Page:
We thank Foussard et al. (1) for their insightful comments on our recent article (2). We demonstrated that women with gestational diabetes mellitus who subsequently have a large for gestational age (LGA) infant run significantly higher glucose overnight, detectable by continuous glucose monitoring (CGM), at 32 weeks’ gestation than those women who do not go on to have an LGA infant (2). We speculate that there may be several reasons why this is observed.
Foussard et al. (1) suggest that, irrespective of the cause, NPH insulin administered in the evening should be considered the treatment of choice because its peak action coincides with the relative nocturnal hyperglycemia we demonstrated. Our own clinical practice has been to use a long-acting insulin analog (e.g., detemir or glargine) overnight to target a raised fasting self-monitored blood glucose (SMBG) and quick-acting analog insulin with meals to specifically target 1-h postprandial SMBG.
None of the women in the present study were therefore treated with NPH insulin, so we are unable to evaluate Foussard’s valid hypothesis regarding the potential efficacy of NPH in targeting nocturnal hyperglycemia. It is worth noting that in our study, fewer women in the LGA group were being treated with insulin (n = 1 [7%]) at the time of CGM, compared with the women who subsequently did not have an LGA infant (n = 20 [14%]). There were similar numbers of women with and without an LGA infant on metformin (57% vs. 54%). Although we are clearly underpowered to draw definitive conclusions, this perhaps suggests that long-acting analog insulin was effective at preventing a higher glucose overnight.
The effects of different insulins on glucose control and outcomes have been studied in pregnancies affected by diabetes. It is interesting that when NPH and detemir were compared in pregnant women with gestational diabetes mellitus and type 2 diabetes, NPH was associated with more hypoglycemia (3). In pregnant women with type 1 diabetes, detemir was shown to be more effective at lowering fasting SMBG than NPH (4), and when detemir and glargine were compared, glargine was associated with a lower prevalence of LGA in type 1 diabetes, with no difference observed in glucose control (5). None of these studies included CGM, and while their impact on nocturnal glucose control alone cannot be specifically addressed, they illustrate that the effect of any insulin needs to be considered in the context of managing the whole pregnancy.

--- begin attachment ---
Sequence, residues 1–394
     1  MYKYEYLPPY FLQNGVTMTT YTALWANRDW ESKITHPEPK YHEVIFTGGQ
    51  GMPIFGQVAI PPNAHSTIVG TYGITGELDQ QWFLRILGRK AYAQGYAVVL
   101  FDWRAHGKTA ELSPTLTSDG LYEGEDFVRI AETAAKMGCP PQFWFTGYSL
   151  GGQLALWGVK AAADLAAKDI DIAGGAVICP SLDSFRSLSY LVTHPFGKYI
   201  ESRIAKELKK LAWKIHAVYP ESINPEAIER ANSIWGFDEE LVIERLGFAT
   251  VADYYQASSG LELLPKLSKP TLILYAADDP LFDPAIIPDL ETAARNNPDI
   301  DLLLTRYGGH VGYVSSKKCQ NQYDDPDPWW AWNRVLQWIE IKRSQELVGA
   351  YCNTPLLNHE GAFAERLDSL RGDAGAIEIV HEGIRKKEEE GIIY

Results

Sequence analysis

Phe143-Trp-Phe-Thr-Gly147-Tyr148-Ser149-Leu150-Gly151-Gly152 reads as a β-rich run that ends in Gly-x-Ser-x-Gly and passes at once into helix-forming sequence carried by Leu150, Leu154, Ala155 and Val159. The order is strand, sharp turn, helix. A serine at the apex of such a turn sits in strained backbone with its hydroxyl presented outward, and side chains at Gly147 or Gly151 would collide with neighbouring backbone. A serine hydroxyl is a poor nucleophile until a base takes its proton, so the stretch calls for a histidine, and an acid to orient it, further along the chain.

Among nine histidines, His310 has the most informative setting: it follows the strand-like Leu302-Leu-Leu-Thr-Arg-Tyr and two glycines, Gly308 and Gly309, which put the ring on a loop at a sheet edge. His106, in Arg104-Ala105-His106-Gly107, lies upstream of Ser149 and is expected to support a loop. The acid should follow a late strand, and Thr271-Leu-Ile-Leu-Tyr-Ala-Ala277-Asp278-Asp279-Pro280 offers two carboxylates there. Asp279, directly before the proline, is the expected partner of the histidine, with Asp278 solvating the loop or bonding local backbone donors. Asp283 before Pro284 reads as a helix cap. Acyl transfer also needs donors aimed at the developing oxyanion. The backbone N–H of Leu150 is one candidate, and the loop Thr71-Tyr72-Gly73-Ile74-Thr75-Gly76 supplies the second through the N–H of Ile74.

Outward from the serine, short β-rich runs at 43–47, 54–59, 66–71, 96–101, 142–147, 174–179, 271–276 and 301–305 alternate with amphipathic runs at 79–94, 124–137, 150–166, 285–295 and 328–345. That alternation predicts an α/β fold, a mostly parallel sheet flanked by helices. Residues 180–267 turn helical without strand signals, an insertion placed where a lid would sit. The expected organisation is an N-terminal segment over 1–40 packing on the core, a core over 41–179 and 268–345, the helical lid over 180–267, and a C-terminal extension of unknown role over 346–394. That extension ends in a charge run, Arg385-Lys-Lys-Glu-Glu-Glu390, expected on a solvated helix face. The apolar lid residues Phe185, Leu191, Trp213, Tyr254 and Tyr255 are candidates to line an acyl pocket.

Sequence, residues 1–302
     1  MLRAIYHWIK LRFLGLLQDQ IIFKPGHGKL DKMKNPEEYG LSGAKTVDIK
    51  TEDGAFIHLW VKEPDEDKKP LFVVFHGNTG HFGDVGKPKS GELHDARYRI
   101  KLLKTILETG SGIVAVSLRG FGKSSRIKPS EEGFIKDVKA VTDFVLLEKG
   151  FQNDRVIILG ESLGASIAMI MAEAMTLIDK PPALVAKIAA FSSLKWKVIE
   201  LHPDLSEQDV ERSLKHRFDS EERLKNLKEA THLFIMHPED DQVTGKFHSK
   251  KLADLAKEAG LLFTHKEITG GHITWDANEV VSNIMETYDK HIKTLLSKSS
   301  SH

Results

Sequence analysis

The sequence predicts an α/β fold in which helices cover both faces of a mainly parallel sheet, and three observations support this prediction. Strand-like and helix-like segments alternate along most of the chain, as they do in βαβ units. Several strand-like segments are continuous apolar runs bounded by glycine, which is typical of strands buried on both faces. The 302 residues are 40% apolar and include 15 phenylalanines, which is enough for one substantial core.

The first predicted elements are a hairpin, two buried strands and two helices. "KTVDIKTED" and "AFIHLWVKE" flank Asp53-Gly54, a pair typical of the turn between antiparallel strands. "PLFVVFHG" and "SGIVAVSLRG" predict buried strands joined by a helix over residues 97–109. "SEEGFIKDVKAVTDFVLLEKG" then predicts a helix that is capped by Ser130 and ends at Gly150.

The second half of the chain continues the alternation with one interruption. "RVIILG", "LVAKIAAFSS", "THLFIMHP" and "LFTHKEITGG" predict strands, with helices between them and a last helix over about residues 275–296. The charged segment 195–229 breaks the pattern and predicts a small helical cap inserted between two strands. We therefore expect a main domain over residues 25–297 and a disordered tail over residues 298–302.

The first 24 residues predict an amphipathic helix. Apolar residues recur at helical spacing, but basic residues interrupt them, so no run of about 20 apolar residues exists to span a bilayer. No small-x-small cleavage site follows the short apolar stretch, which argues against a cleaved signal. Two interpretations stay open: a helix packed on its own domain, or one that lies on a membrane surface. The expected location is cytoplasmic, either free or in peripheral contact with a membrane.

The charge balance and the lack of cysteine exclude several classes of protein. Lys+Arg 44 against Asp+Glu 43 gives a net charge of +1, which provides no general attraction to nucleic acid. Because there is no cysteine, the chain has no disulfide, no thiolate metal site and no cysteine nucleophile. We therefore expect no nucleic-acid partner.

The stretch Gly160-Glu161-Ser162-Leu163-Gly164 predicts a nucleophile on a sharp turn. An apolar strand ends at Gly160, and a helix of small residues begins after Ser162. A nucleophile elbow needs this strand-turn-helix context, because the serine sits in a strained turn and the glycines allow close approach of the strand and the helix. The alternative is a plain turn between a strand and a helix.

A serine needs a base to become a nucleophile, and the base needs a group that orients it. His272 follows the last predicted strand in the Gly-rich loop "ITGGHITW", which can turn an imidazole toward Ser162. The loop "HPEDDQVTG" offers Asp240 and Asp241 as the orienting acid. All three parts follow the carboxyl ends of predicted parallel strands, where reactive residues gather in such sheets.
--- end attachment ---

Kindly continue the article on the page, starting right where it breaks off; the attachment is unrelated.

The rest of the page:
We believe the real challenge lies not in which treatment to choose but in detecting the need for additional treatment in the first place. Only then can we personalize therapy to the glucose profile in the right woman at the right time.
Funding. E.M.S. and G.R.L. were funded by the Higher Education Funding Council for England. A.A. was funded by the Saudi Arabian Government. L.A. was funded by a University of Leeds International Studentship. H.R.M. was funded by the National Institute for Health Research (CDF-2013-06-035).
Duality of Interest. E.M.S. serves on the Abbott Diabetes Care Global Advisory Panel and has received honoraria. H.R.M. serves on the Medtronic European Scientific Advisory Board. No other potential conflicts of interest relevant to this article were reported.